So the only way to come out is to price the wood at what you think a customer will pay.  That may be quite a bit higher than your calculations of cost of wood and time might dictate.  The way that you can make money is to present a quality product that has such character, such temptation and promise of enduring beauty that the customer will pay what you ask.  Then, you will cover the cost of those bad decisions, bad pieces of wood and tool replacements.  The attendance to bad shows, emergency room co-pays won't be quite so painful.

But, if the customer won't pay what you think it is worth, you may have to reduce the price to sell it.  Then, all that time and expense comes back into play.  So, if you are going to sell that bowl to someone realize that there is no formula for size, or your cost of making the product that is workable for what we do. We make art ... some good art ... some bad.  Good sells ... bad don't.

That is a nice bowl.  Your wife is paying you a wonderful compliment.  Give it to her.  Doing so will probably make her happy and make it easier for you to buy more stuff to allow you to sink further into the vortex.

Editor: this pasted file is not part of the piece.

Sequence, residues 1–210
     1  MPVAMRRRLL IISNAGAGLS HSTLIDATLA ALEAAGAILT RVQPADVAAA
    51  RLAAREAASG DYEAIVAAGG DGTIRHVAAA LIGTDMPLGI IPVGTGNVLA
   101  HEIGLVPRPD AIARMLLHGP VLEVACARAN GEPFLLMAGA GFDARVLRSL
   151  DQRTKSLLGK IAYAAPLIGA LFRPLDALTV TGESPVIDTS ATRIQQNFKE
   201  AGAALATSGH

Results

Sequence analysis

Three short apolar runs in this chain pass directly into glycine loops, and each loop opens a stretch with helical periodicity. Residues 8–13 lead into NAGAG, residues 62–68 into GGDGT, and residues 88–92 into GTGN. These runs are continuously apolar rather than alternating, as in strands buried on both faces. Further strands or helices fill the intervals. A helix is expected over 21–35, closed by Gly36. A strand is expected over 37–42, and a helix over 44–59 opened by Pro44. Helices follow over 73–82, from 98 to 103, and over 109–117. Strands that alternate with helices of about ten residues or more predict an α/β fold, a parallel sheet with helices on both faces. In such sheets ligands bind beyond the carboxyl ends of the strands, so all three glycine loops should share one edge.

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Dave Richards
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Re: What would you sell this for?
Reply #21 - Nov 26th, 2016 at 6:31am
 
Well said Gary  +1
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Ed Weber
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Re: What would you sell this for?
Reply #22 - Nov 26th, 2016 at 10:41am
 
Gary D Baker wrote on Nov 25th, 2016 at 10:58pm:
hat bowl is worth what you can get for it.


This is what I said earlier
"It's really what the market will bear, it doesn't matter if you paid $79.99 in T&M or $9.00 in T&M, an $80 bowl is still an $80 bowl."

While Gary went into some detail, whether you acknowledge it or not all those factors are in the cost of the bowl, not what price you sell it for but the actual cost it took to get a finished product.